Powell: Federal Reserve is still on track to cut rates despite signs of persistent inflation

WASHINGTON (AP) — Federal Reserve officials will likely reduce their benchmark interest rate later this year, Chair Jerome Powell said Wednesday, despite recent reports showing that the U.S. economy is still strong and that U.S. inflation picked up in January and February.

“The recent data do not … materially change the overall picture,” Powell said in a speech at Stanford University, “which continues to be one of solid growth, a strong but rebalancing labor market, and inflation moving down toward 2 percent on a sometimes bumpy path.”

Most Fed officials “see it as likely to be appropriate” to start cutting their benchmark rate “at some point this year,” he added.

In his speech, Powell also sought to dispel any notion that the Fed’s interest-rate decisions might be affected by this year’s presidential election. The Fed will meet and decide whether to cut rates during the peak of the presidential campaign, in July and September.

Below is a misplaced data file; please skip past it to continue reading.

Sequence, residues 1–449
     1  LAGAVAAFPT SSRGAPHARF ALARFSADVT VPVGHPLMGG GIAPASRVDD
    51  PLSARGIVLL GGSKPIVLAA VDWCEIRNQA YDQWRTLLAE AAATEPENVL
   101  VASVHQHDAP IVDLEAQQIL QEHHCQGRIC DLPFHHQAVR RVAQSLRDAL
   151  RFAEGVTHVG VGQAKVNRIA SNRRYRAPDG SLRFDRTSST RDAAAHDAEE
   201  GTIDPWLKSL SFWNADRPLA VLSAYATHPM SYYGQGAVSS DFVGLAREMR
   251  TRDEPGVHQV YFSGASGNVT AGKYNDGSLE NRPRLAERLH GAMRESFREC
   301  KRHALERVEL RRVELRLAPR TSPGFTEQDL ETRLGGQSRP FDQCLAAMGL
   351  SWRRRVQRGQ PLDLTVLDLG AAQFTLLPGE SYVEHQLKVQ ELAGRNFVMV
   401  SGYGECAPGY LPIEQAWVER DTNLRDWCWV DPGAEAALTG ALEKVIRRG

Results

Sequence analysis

Though inflation has cooled significantly from its peak, it remains above the Fed’s 2% target. And average prices are still well above their pre-pandemic levels — a source of discontent for many Americans and potentially a threat to President Joe Biden’s re-election bid.

The recent pickup in inflation, though slight, has led some economists to postpone their projections for when the Fed will begin cutting rates. Rate cuts would begin to reverse the 11 rate increases the Fed carried out beginning in March 2022, to fight the worst inflation bout in four decades.

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